Asian Pulp and Paper still trashing the planet
Laurel Brunner discusses Asian Pulp and Paper (APP) and what the company is doing to improve its environmental impacet.
It’s been some time since we took a look at Asian Pulp & Paper (APP) and its progress towards improving its environmental impact. This company is a division of Sina Mas, one of China’s massive conglomerates, and it has been destroying Indonesian ecosystems for many years. In 2020 APP produced 17 million tonnes of paper 53% of which came from plantations, 40% from recyclates and 7% from imported fibre. It’s sustainability report presents an apparently sincere and progressive picture. And yet APP continues to come under fire.
The company’s latest sustainability report and the targets outlined in its Vision 2030 declaration suggest that it is either changing its ways or it is really very devious indeed. Making claims in publicly shared documents is always easier than making good on those claims. The assumption is that no one will go back and check or that they won’t question the claims. For instance APP wants to “increase recycled fibre composition” and “product biodegradability”. Goals such as improving water usage and moving to more sustainable energy sources are just part of good business practise, as is cutting the business’s overall environmental impact.
APP also claims to have conserved “over half a million hectares of natural forest and protected the peatlands and biodiversity that sustain our business”. This claim is not verified and does not mention planned expansion of the Ogan Komering Ilir mill in South Sumatra. First opened in 2017 APP is tripling the mill’s capacity which will require over 30 million tonnes of wood per year. Various NGOs warn of terrible consequences with negative environmental impacts for peatlands and forests, as well as people. Banks are being discouraged from investing in the project on the basis that it is not clear that APP has the permission of impacted communities to proceed. Nor is it clear how APP can feed its machines with sufficient wood fibre.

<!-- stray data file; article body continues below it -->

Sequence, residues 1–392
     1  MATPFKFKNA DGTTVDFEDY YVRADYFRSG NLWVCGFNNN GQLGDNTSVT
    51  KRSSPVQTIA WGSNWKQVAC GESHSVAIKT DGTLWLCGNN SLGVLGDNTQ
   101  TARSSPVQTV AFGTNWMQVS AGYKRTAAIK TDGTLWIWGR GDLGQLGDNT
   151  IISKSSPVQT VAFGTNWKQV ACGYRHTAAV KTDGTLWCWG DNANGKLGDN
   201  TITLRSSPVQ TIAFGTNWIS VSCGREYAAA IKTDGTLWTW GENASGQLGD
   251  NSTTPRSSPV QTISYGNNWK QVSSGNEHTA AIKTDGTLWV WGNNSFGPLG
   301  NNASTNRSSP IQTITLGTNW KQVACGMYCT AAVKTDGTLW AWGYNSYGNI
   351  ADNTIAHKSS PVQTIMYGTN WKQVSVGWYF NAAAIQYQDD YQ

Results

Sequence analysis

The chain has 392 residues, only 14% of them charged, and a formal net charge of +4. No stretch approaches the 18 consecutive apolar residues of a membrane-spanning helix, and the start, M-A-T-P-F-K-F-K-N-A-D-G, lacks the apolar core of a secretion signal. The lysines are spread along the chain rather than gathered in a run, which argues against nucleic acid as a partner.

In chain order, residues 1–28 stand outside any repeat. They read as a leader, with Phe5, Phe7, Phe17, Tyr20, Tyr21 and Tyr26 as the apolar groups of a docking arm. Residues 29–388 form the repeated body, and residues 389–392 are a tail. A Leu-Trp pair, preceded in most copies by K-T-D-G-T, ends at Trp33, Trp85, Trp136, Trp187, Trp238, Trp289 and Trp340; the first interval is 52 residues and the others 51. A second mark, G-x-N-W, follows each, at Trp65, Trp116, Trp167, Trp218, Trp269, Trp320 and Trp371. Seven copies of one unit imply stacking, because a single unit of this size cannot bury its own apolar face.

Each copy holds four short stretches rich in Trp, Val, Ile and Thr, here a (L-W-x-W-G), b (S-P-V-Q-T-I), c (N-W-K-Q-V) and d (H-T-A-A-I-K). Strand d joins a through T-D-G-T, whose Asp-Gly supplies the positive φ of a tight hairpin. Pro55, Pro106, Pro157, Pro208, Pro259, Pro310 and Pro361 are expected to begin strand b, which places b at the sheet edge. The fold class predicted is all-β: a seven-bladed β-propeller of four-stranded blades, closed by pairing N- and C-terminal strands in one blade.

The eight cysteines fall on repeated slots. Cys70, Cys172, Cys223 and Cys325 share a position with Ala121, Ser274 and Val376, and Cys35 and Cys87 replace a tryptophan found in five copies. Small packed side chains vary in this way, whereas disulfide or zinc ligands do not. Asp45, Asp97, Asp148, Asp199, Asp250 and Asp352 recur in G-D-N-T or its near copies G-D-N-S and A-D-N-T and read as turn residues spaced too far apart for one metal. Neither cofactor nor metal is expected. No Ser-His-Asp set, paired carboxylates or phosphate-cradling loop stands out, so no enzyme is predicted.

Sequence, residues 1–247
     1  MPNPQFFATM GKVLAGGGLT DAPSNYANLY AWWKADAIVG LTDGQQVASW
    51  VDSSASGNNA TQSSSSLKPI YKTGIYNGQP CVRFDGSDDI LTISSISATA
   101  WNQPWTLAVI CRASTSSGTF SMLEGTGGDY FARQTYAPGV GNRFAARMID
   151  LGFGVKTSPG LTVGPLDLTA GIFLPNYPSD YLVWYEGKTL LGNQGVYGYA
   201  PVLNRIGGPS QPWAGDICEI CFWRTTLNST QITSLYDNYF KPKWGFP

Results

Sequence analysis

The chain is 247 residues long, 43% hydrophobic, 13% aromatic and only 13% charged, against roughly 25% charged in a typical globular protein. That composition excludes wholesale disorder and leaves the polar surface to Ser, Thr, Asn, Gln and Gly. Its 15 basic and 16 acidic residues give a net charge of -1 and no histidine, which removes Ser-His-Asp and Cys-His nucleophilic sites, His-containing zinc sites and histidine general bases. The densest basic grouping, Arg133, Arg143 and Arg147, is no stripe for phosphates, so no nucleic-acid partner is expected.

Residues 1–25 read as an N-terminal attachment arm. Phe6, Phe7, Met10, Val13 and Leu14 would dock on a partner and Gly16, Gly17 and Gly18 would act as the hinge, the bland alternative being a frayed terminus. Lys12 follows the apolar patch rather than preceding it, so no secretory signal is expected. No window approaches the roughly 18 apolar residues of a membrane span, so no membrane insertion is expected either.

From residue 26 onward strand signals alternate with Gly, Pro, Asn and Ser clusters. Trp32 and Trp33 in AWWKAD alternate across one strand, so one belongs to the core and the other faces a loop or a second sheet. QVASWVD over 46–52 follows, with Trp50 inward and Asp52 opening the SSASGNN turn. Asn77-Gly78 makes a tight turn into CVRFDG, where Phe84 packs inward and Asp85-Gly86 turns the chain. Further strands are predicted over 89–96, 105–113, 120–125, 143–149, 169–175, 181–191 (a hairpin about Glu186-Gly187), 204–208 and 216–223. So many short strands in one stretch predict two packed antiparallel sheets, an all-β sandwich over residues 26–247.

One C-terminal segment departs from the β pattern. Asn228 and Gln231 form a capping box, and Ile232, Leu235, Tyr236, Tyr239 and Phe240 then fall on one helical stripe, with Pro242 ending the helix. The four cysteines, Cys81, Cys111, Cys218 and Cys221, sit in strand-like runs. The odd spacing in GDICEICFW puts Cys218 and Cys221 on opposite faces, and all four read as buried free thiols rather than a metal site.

APP has for years responded to calls for it to improve its environmental profile with seriously impressive public relations exercises. Key editors in the pulp and paper trade press have been lavishly wined, dined and helicoptered over lush forests. Impressive Vision statements have been published. But such activities merely put shiney veneers on an ugly reality that persists, despite outcries from the WWF and Greenpeace. APP’s many claims over the years are not fully and independently audited. And APP is considered a high risk investment due to unresolved social conflicts and its fibre supply risk: APP has only shared source information for around 15 million cubic metres of wood and has not explained how it will find more to feed its newly expanded OKI site. APP surely has a plan, and just as surely it will be to the environment’s cost.
This article was produced by the Verdigris Project, an industry initiative intended to raise awareness of print’s positive environmental impact. This weekly commentary helps printing companies keep up to date with environmental standards, and how environmentally friendly business management can help improve their bottom lines. Verdigris is supported by the following companies: Agfa Graphics, EFI, Fespa, Fujifilm, HP, Kodak, Miraclon, RicohSplash PR, Unity Publishing and Xeikon.
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